Thursday, February 4, 2010

Selling Your Software Company- The Number One Value Driver

When helping our clients sell their software companies, we get to witness buyer behavior first hand. The most important behavior is their economic vote - how much they are willing to pay for a business. Many factors go into their assessment of value, but a contractually recurring revenue stream is consistently the number one value driver.

Why is contractually recurring revenue so important? The first answer is risk. Buying a business is risky. Any factor that reduces this risk is rewarded with transaction value. Forecasted sales, for example, are at the high end of the risk scale and are heavily discounted in value. Historical time and materials revenues that are "most likely to be at about the same level" next year are somewhere in the middle of the risk scale and are valued accordingly.The owner and key employees may leave after the acquisition and may take their customer relationships and accounts with them.

Those customers locked into contracts are less likely to leave. The acquisition can temporarily inject uncertainty into the marketplace and cause disruption or delays in pending sales situations. The integration efforts will introduce execution risk into previously routine revenue generating activities.The acquiring company wants the existing customers to stay put long enough to get comfortable with the new company. Contracts with plenty of time remaining are their security.How can you use this knowledge to your advantage?

Go on a mission to convert every time and materials revenue source you can to an annual contract. If you are a software company, for example, and you have customers that are not on an 18% - 20% annual maintenance contract, get those customers converted. A strategy might be a one time "get current sale" in return for signing an annual maintenance contract. Services companies should review their T&M records with their regular customers and devise programs that convert those to annual fixed price programs. Equipment dealers come up with your own extended warranty programs. Services firms devise a concept where you provide departmental or functional outsourcing for your clients.

Financials are important so we have to acknowledge this aspect of buyer valuation as well. We generally like to build in a baseline value (before we start adding the strategic value components) of 2 X contractually recurring revenue during the current year. So, for example, if the company has monthly maintenance contracts of $100,000 times 12 months = $1.2 million X 2 = $2.4 million as a baseline company value component. Another component we add is for any contracts that extend beyond one year.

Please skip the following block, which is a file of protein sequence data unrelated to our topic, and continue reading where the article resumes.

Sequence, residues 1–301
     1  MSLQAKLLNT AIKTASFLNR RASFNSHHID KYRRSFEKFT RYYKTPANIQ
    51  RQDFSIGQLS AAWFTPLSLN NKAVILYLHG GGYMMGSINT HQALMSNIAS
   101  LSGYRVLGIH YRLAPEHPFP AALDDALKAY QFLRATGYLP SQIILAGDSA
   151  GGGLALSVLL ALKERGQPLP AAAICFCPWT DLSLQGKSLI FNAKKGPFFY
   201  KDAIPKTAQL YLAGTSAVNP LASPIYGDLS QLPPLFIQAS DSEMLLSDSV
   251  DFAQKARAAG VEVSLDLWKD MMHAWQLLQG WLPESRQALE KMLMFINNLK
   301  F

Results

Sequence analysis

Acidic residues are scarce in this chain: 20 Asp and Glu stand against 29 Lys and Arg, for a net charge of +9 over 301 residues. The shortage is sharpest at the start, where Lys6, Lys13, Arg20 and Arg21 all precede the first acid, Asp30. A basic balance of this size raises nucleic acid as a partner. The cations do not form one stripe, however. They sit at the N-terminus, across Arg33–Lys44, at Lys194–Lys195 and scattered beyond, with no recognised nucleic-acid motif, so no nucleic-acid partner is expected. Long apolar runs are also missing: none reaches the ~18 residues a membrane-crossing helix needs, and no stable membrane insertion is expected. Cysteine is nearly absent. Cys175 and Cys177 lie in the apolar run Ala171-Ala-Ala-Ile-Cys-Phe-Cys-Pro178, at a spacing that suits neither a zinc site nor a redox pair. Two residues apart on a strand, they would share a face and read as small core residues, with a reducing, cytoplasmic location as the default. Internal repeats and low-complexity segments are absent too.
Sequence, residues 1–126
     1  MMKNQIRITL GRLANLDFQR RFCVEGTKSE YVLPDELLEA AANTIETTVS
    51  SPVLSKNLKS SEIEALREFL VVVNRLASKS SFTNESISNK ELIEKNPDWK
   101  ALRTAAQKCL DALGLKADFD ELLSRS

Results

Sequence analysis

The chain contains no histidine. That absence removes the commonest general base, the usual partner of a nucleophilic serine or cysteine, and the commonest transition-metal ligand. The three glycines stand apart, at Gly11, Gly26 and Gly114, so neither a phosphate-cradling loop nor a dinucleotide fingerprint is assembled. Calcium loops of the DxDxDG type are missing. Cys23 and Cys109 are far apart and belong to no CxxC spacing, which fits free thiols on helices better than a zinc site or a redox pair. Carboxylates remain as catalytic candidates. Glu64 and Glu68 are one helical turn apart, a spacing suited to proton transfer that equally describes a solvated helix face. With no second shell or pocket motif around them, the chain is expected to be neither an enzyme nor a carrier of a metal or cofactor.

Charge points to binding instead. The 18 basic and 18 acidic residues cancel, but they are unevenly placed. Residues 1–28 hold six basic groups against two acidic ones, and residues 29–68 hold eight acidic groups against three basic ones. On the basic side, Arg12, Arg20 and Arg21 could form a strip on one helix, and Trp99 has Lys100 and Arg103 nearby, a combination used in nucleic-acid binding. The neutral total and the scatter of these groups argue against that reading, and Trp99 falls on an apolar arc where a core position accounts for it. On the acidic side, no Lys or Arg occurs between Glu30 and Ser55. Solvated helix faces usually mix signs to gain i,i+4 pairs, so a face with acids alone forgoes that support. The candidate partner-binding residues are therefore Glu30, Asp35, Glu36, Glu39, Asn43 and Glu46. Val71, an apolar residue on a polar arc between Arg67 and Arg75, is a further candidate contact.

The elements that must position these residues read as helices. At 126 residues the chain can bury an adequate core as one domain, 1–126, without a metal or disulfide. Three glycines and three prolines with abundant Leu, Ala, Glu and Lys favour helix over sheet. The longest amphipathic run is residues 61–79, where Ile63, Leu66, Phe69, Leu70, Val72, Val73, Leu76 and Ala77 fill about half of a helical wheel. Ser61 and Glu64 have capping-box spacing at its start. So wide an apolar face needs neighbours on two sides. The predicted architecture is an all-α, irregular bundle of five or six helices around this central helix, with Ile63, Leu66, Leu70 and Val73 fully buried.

We take an estimate of the gross margin produced in the firm contract years beyond year one and assign a 5 X multiple to that and discount it to present value. Let's use an example where they had 4 years remaining on a services contract and the last 3 years were $200,000 per year in revenue with approximately 50% gross margin. We would take the final three years of $100,000 annual gross margin and present value it at a 5% discount rate resulting in $265,616. This would be added to the earlier 2 X recurring year one revenue from above. Again, this financial analysis is to establish a baseline, before we pile on the strategic value components.

On a value scale, contractually recurring revenue is a 10, expected historical revenue is a 6 and a sales pipeline is a 3. Move your 3's and 6's to 10's and recognize a big boost in your business selling price.

Dave Kauppi is a Merger and Acquisition Advisor and Managing Director of MidMarket Capital, providing business broker and investment banking services to owners in the sale of information technology companies. For more information about exit planning and selling a business, click to visit our Web Site MidMarket Capital

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